Summary and Keywords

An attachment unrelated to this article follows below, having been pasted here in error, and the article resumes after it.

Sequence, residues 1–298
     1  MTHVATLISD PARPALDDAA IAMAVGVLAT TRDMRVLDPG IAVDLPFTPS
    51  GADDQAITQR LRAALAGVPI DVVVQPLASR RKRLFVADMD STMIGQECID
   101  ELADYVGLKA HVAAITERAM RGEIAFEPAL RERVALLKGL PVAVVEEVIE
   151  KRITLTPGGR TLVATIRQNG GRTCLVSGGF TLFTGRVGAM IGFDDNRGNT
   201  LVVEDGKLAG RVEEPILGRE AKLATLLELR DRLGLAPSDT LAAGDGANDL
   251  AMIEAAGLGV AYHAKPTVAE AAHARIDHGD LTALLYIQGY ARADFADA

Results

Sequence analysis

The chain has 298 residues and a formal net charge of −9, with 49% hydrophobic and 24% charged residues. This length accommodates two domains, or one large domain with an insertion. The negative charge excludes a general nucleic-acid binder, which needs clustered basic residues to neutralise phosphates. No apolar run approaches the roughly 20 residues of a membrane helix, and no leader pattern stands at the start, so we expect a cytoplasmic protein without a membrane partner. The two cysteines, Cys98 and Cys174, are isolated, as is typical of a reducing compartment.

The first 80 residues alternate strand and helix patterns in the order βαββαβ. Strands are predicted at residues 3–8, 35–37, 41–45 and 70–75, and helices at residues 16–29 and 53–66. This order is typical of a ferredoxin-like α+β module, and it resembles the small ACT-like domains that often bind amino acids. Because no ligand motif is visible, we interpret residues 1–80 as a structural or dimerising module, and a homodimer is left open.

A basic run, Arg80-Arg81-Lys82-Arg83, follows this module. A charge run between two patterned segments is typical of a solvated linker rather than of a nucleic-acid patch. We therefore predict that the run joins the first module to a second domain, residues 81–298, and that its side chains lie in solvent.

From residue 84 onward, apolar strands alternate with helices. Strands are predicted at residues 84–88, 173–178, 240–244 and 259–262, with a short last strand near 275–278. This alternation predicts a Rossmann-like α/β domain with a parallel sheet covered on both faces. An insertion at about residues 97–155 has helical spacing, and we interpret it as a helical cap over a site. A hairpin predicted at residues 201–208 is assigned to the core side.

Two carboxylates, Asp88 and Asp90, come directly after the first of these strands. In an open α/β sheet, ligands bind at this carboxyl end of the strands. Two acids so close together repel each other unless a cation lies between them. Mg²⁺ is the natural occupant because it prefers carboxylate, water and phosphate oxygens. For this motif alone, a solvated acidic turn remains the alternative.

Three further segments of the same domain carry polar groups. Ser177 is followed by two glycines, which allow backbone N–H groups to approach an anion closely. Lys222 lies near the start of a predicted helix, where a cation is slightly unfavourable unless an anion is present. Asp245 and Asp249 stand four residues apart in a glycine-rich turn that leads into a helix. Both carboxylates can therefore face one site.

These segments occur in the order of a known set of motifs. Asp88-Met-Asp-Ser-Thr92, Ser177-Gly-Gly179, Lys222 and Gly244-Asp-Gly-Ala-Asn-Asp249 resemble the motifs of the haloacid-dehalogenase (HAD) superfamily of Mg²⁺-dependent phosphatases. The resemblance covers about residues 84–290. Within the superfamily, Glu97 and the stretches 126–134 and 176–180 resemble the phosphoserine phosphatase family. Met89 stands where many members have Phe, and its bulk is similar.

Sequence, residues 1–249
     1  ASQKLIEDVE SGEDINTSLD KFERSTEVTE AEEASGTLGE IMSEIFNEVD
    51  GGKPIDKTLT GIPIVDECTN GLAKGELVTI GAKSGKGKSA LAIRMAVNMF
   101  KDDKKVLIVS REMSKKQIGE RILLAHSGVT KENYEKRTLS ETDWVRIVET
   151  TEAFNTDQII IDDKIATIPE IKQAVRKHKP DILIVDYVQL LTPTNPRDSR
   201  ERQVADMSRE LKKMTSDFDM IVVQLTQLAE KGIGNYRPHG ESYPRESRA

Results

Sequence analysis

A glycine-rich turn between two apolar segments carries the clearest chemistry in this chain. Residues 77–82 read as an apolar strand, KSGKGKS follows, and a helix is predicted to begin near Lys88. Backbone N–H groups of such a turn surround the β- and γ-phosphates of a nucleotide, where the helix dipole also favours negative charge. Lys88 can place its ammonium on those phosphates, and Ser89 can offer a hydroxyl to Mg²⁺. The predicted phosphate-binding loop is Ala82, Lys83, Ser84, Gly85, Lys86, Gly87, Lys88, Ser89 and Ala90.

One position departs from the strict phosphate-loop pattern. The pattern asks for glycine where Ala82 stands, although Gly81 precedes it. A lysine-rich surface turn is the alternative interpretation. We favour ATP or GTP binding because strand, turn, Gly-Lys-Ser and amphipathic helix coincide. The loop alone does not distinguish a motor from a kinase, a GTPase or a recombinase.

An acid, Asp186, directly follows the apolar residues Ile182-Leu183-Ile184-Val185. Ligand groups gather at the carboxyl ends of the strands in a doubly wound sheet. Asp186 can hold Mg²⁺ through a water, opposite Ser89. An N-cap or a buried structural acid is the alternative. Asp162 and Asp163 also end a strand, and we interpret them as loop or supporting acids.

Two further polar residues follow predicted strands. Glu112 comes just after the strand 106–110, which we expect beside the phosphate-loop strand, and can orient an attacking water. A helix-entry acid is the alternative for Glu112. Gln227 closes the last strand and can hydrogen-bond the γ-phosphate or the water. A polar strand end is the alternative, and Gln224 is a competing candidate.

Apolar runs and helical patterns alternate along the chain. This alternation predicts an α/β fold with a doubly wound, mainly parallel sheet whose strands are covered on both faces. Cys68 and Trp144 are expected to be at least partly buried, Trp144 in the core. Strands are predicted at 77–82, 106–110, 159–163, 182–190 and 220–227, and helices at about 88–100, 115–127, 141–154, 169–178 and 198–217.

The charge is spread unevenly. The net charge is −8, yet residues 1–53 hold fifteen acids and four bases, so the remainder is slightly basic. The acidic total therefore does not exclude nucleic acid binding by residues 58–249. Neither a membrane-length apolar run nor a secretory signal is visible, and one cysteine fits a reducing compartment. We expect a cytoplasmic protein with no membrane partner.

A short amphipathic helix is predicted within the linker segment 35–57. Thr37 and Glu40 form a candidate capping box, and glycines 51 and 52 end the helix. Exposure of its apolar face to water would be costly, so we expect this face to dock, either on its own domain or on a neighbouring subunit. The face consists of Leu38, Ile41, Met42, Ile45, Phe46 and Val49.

The term poetics designates both a field of study and the practice of a particular author or group of authors. Aristotle’s Poetics, the most important work of literary theory in the Western tradition, undertakes to describe in systematic fashion the major forms of literature, the components of each, and how these elements contribute to the effects desired. Aristotle proceeds on the assumption that there is a comprehensive structure of knowledge attainable about poetry, which is not the experience of poetry, but poetics. Such a poetics treats literature as an autonomous object of knowledge, whose major genres or forms it seeks to analyze. This is an explicit poetics; but we also speak of the poetics implicit in the work of an individual writer, or of a group of writers, or of the literature of an era, as in The Poetics of Dante’s Paradiso, or even The Poetics of Postmodernism, which focus on the characteristic techniques, compositional habits, and ways of treating subjects in the literary practice under consideration. As the latter title indicates, the term poetics is used even when the literature treated does not include much poetry. Poetics can be distinguished from literary history, in that it focuses on literature as a system of possibilities rather than as a historical sequence or a practice in history, although categories from poetics will be important for any study of the evolution of literature. In literary theory, poetics is set apart for concentrating on intrinsic characteristics of literature as a system, as opposed to treating it as a phenomenon to be explained in social, historical, economic, or psychological terms. Poetics is particularly distinguished from hermeneutics or interpretation, in that it does not attempt to determine the meaning of literary works but asks how they function: What are characteristics of different literary genres and their constituents? How do their various elements work together to produce the effects they do for readers? Many contributions to the theory of literature can be seen as contributions to poetics, insofar as they try to explain the nature of literature and describe some of its major forms, even if they are presented as arguments about the literary practice of a particular period or literary mode. Western poetics begins with Aristotle, whose poetics is based on drama: literature is defined an imitation of action, in which plot is central. In Chinese and Japanese cultures, by contrast, foundational poetics have been drawn from lyric poetry and have focused on affect and expression rather than on representation. In the history of Western poetics mimesis has remained fundamental, despite changes that, from time to time, treat literature as the expression of the experience of the author or the attempt to create certain experiences for the reader.
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